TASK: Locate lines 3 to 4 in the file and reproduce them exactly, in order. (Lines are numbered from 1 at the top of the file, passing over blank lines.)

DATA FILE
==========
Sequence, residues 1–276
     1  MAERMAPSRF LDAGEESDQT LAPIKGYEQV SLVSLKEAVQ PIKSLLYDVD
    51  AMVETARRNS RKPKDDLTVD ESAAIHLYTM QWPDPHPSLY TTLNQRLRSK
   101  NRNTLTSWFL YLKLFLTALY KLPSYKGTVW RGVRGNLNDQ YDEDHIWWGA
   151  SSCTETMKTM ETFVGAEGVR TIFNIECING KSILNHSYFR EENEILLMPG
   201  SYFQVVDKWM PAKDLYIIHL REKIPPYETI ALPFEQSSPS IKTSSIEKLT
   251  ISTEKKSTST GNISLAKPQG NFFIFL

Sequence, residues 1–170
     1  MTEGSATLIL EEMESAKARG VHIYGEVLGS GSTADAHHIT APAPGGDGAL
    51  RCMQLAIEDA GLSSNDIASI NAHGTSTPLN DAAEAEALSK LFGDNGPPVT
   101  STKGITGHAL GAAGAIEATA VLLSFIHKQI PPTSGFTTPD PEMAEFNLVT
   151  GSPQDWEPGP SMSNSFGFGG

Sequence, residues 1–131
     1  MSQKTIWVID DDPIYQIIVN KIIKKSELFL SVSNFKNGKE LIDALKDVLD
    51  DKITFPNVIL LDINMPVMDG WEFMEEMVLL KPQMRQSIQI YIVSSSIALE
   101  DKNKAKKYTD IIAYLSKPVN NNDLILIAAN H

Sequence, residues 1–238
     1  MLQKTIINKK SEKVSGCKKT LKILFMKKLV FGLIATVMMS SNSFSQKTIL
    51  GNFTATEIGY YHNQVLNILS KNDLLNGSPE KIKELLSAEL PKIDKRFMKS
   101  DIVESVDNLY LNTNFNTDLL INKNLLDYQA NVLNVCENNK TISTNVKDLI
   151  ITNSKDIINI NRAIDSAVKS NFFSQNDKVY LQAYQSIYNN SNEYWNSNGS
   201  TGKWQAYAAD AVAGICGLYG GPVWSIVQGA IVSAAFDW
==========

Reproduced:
    51  AMVETARRNS RKPKDDLTVD ESAAIHLYTM QWPDPHPSLY TTLNQRLRSK
   101  NRNTLTSWFL YLKLFLTALY KLPSYKGTVW RGVRGNLNDQ YDEDHIWWGA